Parents have always had a vested interest in their children’s education. Public policy should fiercely defend the right of parents to choose an education for their children because parental choice in education is in the best interest of their children. Parental preference is a powerful predictor of student outcomes. When parents choose, kids win!
“Horace Mann Had It All Wrong” and School Choice: Conversation with Corey DeAngelis
Introduction: I recently started following Corey DeAngelis on Twitter (@DeAngelisCorey) because of a battle of ideas he got into with some of the traditional education policy wonks that I also like to follow. I was impressed by Corey’s wit, his defense of not only school choice policies, and his knowledge of the research in regards to the effects of private … Read More
Did You Ever Wonder…
Why students (and their parents) are so grade obsessed? In a previous post: What Happened to the E?, I noted my lack of surprise when students petition for an extra point or two on an assignment or request extra credit opportunities. Some readers responded with notes of similar experience and frustration. One reader asked the question “how do students become so … Read More
Taxes, Investments, and Re-enrollment
It is that time of year again…it seems like this phrase is often used in the world of education. I am guessing that all professions have such cyclical periods where certain responsibilities and events happen on a regular basis. In the world of education, it is that time of year again for report cards, parent-teacher conferences, and re-enrollment. The other … Read More
Virtual Christian Education?
Higher education has used virtual schooling for years. And with so much of culture already customized, individualized and in the grips of isolating technology, it shouldn’t surprise us that K-12 education would discover and promote virtual schooling. Whether or not this is a good thing – particularly for those parents desiring a Christian education – remains to be seen. Perhaps … Read More
Who Is Ultimately Responsible for Learning?
How long will we continue to limit the learning of our children by our need to be in control of it? The new ELSE Education Act replacing NCLB, should have included an apology from the Congress for all of the mischief that the NCLB led to in spite of its good intentions. It was an inappropriate response to a misunderstood … Read More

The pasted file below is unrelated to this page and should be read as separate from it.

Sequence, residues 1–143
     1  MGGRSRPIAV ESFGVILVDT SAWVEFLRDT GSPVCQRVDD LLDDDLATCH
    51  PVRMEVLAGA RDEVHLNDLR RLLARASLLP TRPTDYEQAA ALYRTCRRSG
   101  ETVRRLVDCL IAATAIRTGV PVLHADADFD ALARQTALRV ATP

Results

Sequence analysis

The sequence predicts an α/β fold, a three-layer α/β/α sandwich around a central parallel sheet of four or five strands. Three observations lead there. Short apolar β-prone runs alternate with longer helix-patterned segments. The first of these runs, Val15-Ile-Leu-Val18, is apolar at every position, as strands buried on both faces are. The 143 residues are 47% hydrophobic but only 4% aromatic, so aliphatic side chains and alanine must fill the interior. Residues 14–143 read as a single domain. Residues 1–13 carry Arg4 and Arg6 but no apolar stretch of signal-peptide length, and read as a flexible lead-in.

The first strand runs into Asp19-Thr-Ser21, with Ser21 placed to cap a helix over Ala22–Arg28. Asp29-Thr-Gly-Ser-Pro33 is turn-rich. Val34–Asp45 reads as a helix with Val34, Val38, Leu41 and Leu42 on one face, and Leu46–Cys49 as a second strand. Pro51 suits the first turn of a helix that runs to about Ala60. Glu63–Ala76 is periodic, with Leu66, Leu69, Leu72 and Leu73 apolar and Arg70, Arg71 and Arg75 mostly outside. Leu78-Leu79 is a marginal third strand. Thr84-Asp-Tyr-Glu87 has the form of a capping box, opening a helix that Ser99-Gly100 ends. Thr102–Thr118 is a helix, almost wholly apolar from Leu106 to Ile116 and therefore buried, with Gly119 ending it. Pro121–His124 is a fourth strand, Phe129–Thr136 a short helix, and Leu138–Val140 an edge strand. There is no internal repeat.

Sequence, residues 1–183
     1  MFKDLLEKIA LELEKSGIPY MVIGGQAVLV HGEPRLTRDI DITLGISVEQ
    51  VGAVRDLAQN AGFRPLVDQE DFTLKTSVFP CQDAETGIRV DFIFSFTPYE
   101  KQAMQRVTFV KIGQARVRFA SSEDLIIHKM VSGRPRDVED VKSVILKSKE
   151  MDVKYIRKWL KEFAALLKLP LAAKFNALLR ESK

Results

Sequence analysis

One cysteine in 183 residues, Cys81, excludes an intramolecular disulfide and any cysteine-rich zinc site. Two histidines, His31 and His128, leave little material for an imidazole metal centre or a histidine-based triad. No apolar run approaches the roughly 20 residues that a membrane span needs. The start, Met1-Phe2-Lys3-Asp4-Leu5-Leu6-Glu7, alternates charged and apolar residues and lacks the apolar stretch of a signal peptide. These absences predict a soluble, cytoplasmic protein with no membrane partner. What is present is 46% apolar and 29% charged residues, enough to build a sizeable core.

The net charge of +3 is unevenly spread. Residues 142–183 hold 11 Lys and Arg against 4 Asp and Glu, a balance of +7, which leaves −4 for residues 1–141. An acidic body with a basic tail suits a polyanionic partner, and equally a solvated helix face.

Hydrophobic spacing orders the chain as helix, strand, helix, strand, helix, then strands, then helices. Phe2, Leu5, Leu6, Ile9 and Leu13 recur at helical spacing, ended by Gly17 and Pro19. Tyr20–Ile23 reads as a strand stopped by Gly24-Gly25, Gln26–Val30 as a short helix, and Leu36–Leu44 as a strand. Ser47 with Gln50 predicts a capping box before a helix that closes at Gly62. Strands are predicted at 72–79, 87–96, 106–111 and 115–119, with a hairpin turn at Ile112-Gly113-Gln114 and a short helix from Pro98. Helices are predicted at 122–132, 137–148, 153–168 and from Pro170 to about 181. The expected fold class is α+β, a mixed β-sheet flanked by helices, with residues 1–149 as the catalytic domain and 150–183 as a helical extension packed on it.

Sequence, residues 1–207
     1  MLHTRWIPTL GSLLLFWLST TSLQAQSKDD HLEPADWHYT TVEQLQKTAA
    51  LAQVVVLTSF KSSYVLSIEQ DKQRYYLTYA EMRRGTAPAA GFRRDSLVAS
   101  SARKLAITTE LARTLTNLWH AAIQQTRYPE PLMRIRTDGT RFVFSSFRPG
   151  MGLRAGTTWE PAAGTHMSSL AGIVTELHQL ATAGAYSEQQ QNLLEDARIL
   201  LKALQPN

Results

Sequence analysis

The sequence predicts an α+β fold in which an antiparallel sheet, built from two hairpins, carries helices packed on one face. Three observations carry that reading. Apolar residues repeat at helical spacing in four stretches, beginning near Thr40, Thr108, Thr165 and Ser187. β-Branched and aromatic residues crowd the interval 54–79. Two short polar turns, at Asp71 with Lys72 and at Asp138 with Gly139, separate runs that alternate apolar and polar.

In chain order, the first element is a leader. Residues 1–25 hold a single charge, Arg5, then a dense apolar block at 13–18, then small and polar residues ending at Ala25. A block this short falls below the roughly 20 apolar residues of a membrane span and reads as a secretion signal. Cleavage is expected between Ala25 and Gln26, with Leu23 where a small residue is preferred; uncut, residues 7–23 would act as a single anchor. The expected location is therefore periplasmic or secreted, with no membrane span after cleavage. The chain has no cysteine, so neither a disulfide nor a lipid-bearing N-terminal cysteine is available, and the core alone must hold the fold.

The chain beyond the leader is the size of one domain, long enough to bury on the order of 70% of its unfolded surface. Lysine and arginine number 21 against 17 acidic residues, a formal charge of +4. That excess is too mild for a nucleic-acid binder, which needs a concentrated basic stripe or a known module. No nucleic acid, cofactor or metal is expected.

Affordability & Christian School Choice
School choice is a popular conversation with Christian parents of school age children. A common element of discussion is often related to the parent’s views on mission as it relates to their involvement with the public school and the public square in general. It is interesting to see how this view of engagement can be influenced by or related to … Read More
Charter Schools: The False Choice (Part I)
“Charter schools are the devil,” I blurted out as I listened long enough to two friends talk about the new push for a Three Sector policy approach to educational change in the United States. After they got over their astonishment at my statement realizing it was another one of my strong opinions, they asked for explanation. At this point I … Read More
Why We Cover Silage Piles or The Case for Christian Education
Why should the church work so hard to support uniquely Christian Education? When times are tough, and money is tight, why are we making sacrifices to send our children to Christian schools? Drawing from Colossians 1: 15-23, Pastor John Lee addresses the creational and covenantal roots that ground the case for Christian Education, and why the church continues to champion … Read More
Another Look at Why Parents Choose Christian Schools
Tony Kamphuis, Director of Niagara Association for Christian Education, sent CACE a link after reading More Than Scores – An Analysis of Why and How Parents Choose Private Schools, the Friedman Foundation’s paper documenting their findings on why parents choose private schools. A similar discovery paper was funded by the Society for Quality Education and published by The Fraser Institute … Read More
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